Mathematical and Statistical Analysis Systems

Graphics Generators

Visual Exploration Systems

Mathematical and statistical analysis systems

Production graphics environments

Animation environments

Information visualization systems

Concept mapping tools

O

X

X

O

X

X

X

X

X

X

O

O

X

X

O

O

X

X

O

X

X

X

X

O

X

X

X

X

X

X

X

X

O

X

1994), thus suggesting that GIS should be seen as media or a medium for the communication of geographic information in digital form (Sui and Goodchild, 2001). While GIS is a practical tool, GIScience, (Appendix F), addresses some fundamental questions about the relationships among data, space, and the digital world.

Whether viewed as a tool or as media, GIS can be defined as integrated software systems for the handling of geospatial information: for its acquisition, editing, storage, transformation, analysis, visualization, and indeed, virtually any task that one might want to perform with this particular information type (Figure 7.1). In the case of GIS, the information is georeferenced to locations on Earth’s curved surface. As such, GIS stand in much the same relationship to geographic information as spreadsheet packages do to tabular information, word processors to text, or statistical packages to statistical data. All of these systems rely on a basic economy of scale: once the foundation has been established for storing a particular data type, it is possible to add a vast array of functions and to serve a similarly vast array of applications with a single software package. The potential of GIS for geographic data storage, analysis, and display is described in introductory texts (Burrough and MacDonnell, 1998; Clarke, 2002, Heywood et al., 2002; Longley et al., 2001), and in more comprehensive surveys of the field (Bossler, 2001; DeMers, 2000; Longley et al., 1999).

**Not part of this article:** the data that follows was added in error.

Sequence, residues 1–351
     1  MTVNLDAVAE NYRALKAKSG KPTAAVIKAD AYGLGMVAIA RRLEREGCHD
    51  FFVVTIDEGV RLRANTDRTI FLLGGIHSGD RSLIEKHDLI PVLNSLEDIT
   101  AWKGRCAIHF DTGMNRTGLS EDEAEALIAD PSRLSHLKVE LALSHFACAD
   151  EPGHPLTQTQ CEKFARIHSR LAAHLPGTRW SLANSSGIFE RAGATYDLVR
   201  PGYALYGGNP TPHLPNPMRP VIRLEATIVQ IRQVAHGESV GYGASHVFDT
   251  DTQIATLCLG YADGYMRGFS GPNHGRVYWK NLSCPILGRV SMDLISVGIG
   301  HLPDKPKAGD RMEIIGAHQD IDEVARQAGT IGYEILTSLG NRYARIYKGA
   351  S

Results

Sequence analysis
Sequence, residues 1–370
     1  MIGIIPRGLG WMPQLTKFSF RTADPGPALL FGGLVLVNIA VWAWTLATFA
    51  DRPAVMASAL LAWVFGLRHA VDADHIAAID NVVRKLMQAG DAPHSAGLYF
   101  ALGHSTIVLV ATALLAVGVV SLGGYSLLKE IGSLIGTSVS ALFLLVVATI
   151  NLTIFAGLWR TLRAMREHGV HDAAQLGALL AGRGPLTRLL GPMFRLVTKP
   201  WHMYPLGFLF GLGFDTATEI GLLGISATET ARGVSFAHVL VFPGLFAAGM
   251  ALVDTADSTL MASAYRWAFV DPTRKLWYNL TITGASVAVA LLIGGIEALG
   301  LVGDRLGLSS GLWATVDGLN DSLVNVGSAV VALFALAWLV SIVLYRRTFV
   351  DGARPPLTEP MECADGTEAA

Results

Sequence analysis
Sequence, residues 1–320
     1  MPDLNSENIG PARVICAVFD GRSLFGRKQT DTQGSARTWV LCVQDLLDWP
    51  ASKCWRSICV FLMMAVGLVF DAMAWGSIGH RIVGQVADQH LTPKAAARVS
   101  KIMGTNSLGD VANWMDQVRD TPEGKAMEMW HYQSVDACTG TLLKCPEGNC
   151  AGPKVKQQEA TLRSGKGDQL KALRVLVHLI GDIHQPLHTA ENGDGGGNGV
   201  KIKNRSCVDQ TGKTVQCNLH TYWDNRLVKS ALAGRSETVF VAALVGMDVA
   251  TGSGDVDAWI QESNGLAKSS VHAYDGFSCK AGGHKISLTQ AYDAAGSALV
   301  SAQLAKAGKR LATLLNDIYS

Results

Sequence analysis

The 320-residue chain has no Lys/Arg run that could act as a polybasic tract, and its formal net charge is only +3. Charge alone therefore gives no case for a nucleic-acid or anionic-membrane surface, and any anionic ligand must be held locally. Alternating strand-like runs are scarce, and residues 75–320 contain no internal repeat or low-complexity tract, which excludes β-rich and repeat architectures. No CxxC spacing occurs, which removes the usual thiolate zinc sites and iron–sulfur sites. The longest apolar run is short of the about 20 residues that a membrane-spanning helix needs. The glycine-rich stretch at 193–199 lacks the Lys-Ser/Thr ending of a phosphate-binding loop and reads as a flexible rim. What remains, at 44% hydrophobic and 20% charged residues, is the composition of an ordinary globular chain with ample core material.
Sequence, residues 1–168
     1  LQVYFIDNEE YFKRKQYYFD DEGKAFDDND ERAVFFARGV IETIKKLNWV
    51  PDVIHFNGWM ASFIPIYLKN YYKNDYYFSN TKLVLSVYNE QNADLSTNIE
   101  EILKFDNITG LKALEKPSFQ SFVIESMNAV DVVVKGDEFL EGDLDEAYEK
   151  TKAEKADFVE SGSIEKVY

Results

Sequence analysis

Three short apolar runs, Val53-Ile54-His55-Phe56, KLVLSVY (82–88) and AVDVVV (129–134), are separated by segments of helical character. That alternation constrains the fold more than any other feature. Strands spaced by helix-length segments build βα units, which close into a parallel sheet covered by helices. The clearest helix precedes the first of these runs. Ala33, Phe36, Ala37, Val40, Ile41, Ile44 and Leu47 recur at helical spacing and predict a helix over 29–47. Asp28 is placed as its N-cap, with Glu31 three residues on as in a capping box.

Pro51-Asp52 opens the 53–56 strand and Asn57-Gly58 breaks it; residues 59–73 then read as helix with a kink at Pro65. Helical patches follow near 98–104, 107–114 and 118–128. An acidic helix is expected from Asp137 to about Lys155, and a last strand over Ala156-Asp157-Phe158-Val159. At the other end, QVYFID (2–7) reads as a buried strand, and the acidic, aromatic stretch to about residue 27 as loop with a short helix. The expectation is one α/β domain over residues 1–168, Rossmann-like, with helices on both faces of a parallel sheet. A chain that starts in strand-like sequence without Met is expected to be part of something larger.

The geospatial data that are the focus of GIS can be defined as information about places on, just above, or just below Earth’s surface. Geographic data link three elements: place, time, and attributes. For example, consider the statement that the temperature at noon on August 22, 2003, at latitude 44 degrees 58 minutes north, longitude 93 degrees 15 minutes west, was 30°C. The statement ties place and time to the attribute of atmospheric temperature. Geospatial data are acquired from a wide range of sources, including data obtained from fieldwork, maps, images of Earth obtained from satellites, and videofilm of Earth taken from low-flying aircraft.



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